Indeed, from our vantage point, and having been present for virtually all recent meetings of this configuration, this would seem to be an opportunity missed.   Closer linkages between the PBC and SC have been called for repeatedly by Ambassadors and featured in SG reports.   These connections are considered essential both to ensuring broader participation by member states in relevant peace and security issues, and in helping to push our conflict-related energies further upstream, balancing our commitments to remedial measures in post-conflict settings with assurances that we will do all that we can — and more than we are currently doing — to fend off conflicts in their earliest stages.

Such assurances, as we have noted many times in the past, require more of us as we seek to become fair, thoughtful and collaboratively-minded brokers of our respective mandates.

This “more” was ably expressed during “Human Rights at work in Peace Operations,” convened by Sweden to look at the human rights implications of peacekeeping operations (including of course the obligation not to abuse the people PKOs are mandated to protect).  During that event Francesco Motta, Head of the Human Rights Component of the UN Assistance Mission for Iraq, made clear that UN reports must be used to enhance human rights practices and not for UN publicity purposes.  Such reports must have direct application to circumstances on the ground, not only with regard to the values and strategies by which we respond to threats, but as a means for deepening our understanding of the nature and origins of threats.  Extremism did not appear out of nowhere, he advised, and the more we allow ourselves to know about its complex origins (including at times our own facilitating roles), the better we will be able to prevent their recurrence.  This self- and organizational reflectiveness from a human rights officer (and from several of his panel colleagues) was warmly received and rightfully so.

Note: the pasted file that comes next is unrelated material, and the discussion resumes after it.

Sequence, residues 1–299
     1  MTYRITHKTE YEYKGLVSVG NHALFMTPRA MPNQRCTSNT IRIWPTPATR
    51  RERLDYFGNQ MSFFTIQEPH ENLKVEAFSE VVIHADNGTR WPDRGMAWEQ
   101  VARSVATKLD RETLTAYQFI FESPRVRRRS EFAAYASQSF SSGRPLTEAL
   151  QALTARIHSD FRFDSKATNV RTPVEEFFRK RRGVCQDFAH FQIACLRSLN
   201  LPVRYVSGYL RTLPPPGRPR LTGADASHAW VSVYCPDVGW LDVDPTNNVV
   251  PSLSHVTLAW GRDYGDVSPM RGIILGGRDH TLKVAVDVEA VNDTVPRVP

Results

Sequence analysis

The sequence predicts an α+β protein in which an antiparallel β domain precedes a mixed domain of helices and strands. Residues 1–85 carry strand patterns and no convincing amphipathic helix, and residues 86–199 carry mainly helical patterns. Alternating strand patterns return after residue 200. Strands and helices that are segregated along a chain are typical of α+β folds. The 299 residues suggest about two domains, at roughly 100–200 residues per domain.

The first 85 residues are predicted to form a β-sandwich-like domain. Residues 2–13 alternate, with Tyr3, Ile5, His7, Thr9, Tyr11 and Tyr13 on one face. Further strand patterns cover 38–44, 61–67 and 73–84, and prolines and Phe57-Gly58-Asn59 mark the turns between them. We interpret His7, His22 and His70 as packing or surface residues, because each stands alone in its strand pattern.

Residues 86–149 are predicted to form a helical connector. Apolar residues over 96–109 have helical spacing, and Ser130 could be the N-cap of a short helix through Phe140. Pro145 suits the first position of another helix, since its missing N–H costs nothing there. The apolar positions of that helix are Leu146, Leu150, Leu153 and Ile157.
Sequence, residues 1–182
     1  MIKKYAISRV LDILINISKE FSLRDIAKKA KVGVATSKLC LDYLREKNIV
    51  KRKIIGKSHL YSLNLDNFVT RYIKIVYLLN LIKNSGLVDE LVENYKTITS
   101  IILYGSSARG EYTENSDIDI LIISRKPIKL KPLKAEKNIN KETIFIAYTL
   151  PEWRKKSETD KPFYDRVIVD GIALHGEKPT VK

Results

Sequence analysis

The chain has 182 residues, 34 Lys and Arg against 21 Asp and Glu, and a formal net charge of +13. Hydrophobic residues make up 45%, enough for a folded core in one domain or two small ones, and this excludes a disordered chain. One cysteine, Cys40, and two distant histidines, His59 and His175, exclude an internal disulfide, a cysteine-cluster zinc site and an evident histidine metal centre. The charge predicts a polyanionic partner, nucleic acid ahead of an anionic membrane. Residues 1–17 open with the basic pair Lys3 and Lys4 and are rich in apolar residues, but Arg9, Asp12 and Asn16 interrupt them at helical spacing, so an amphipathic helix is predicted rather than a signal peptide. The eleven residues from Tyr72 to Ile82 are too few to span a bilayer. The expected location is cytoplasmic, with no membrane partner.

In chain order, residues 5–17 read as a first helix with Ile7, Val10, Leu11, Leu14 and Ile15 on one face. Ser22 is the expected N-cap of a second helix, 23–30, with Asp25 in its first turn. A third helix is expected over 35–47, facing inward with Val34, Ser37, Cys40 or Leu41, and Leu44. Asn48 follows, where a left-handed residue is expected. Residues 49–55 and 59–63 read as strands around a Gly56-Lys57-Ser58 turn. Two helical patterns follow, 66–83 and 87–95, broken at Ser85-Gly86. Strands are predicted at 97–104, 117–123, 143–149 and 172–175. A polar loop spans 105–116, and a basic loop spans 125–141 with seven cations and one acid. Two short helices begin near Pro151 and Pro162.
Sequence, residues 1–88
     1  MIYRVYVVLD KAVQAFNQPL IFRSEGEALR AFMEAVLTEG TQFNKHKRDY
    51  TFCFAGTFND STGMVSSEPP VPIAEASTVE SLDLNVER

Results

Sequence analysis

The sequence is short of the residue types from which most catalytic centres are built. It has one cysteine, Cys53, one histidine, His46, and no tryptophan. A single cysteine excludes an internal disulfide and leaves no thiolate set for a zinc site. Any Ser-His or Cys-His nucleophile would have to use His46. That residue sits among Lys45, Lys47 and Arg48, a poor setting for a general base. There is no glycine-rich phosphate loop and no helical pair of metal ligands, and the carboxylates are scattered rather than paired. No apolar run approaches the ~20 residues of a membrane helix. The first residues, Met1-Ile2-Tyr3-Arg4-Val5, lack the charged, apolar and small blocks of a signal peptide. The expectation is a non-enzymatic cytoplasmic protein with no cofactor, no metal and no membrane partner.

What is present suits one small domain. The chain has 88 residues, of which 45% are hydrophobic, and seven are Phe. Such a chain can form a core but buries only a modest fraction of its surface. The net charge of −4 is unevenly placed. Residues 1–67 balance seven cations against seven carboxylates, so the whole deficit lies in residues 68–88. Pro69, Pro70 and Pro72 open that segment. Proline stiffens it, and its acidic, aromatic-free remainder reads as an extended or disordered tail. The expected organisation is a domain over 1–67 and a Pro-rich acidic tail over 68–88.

Some of the value of that reflectiveness could have been extended to the pre-trip Council chamber during discussion of resolution 2270 (2016) that tightens sanctions on the DPRK, including restrictions on new categories of exports and providing for the intercepting of DPRK vessels.  The US and China, as the two nations most closely associated with the resolution, had predictably different response to its unanimous passage, though both acknowledged the limited value of previous sanctions regimes to changing DPRK behavior.  The US took the lead in highlighting yet again the many levels of security threats and human rights abuses attributable to DPRK’s leadership.  China, again typically for them, highlighted the need for dialogue and negotiated settlement while noting the grave challenges on their own doorstep represented by some of the belligerent policies emanating from Pyongyang.